Last year I started growing a 'Brown Turkey' fig outdoors in the ground.  It should do fine with the cold, it's cold hardy in USDA zones 5-9.  It does, however, get browsed by deer.  For this reason I will move one out to the center of the fenced in vegetable garden.  


Replacing Exotic Spireas

Over the past couple of years I have been accumulating native some native shrubs as replacements for exotic spireas and forsythia.  First was New Jersey tea (Ceanothus americanus).  This grows about 3' tall and wide in part to full sun and dryish, slightly acidic soils.  A major drawback is that deer and rabbits like to eat it. I will be using those in the pool enclosure where at least the deer are excluded.  Sizewise this is a good replacement for the spireas that I currently have.  

I have been growing meadowsweet, Spiraea alba for awhile.  This species is a vigorous grower with a rather rangy habit.  It is better suited as background plant, rather than a feature.  Last year I got a couple of shinyleaf meadowsweet, Spiraea corymbosa.  This Mid-Atlantic native has a habit more similar to that of its Asian relatives.  I will give this one a try in pool enclosure as well.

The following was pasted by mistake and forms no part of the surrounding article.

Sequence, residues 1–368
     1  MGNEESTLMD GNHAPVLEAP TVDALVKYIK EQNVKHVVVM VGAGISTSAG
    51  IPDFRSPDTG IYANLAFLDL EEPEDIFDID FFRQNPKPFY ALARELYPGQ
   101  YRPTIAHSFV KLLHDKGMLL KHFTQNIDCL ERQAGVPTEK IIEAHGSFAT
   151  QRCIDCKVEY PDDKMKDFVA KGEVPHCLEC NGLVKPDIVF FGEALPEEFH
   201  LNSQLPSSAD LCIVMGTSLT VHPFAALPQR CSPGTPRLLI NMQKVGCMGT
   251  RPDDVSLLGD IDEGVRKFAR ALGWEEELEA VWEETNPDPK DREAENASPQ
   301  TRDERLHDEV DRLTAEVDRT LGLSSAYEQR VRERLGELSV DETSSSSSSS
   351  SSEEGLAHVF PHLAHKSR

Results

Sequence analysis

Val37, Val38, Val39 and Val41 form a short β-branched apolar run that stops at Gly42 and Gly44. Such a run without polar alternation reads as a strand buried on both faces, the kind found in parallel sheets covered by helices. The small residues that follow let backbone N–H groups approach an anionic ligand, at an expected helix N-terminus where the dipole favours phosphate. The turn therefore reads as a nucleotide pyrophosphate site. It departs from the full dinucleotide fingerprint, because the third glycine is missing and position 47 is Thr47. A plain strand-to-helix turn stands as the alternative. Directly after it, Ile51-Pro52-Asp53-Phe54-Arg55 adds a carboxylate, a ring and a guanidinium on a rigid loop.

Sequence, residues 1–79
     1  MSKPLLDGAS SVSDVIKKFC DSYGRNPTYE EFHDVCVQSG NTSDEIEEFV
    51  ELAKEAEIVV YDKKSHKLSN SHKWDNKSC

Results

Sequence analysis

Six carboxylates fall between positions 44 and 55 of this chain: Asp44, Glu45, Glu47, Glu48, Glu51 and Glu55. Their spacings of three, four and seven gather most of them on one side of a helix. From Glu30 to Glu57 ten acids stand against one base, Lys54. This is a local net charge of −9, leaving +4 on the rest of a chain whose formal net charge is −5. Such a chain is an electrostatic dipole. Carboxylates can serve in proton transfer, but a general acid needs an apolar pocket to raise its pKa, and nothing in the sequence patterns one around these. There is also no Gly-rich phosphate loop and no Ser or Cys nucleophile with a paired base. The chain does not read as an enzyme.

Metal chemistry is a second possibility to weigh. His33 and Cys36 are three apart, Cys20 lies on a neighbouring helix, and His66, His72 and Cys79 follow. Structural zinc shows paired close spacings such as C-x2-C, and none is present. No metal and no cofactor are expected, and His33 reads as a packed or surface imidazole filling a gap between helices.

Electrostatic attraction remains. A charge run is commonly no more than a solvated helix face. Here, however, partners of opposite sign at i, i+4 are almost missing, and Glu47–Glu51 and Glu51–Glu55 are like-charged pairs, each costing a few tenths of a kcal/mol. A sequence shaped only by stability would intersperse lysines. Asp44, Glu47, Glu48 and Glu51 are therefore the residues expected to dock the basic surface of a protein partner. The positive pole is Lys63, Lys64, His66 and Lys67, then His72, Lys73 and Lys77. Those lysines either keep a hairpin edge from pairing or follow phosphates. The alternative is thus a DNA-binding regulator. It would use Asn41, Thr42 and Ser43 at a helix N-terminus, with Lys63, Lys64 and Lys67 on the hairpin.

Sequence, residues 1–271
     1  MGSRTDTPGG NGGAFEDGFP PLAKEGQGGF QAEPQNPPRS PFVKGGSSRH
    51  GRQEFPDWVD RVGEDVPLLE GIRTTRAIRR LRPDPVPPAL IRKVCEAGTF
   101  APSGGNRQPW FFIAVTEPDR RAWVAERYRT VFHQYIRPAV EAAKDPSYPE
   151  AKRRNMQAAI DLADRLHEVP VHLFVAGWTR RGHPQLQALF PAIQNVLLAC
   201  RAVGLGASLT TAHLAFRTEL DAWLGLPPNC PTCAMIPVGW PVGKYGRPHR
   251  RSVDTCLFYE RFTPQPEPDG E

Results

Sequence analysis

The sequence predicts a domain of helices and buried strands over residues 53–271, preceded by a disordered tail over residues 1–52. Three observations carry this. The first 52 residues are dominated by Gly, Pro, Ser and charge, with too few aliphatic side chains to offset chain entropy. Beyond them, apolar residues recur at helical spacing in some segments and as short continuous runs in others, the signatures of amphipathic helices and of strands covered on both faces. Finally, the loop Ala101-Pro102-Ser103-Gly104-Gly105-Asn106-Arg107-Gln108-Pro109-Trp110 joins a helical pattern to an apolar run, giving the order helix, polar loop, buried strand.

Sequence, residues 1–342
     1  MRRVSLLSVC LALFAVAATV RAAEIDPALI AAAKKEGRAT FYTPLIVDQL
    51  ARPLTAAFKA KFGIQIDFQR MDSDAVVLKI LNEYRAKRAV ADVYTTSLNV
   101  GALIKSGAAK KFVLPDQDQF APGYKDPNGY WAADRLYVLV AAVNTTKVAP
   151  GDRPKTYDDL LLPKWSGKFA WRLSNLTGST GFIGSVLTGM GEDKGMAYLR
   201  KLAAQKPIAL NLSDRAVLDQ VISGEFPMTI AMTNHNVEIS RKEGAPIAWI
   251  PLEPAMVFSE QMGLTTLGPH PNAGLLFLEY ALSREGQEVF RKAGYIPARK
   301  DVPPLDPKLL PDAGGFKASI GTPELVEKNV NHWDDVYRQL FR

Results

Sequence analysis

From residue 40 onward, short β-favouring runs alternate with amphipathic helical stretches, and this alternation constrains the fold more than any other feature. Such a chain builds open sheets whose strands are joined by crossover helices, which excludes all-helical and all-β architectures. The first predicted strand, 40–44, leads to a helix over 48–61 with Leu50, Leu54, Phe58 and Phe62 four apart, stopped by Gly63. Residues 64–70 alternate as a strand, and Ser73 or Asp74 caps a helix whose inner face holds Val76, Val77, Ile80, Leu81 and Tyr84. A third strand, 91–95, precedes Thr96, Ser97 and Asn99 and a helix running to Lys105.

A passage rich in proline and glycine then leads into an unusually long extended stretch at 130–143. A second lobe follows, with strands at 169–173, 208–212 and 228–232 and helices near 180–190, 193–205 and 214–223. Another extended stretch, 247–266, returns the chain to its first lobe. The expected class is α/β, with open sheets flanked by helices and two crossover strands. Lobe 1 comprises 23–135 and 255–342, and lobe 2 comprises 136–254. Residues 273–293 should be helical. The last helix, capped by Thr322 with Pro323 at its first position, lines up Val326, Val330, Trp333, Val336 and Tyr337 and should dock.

Another plant that I have been seeking for a long time is prairie willow (Salix humilis).  This Northeastern native willow is early spring blooming and only grows 4-6' tall.  It seems to be a good visual substitute for forsythia.  A couple have overwintered well in the ground.  If these continue to perform well I should be able to make more, since willows are particularly easy to propagate.    

this is the shinyleaf meadowsweet as it arrived last summer. 
If it has overwinter successfully, I will get it in the ground later this spring.

Woodland Management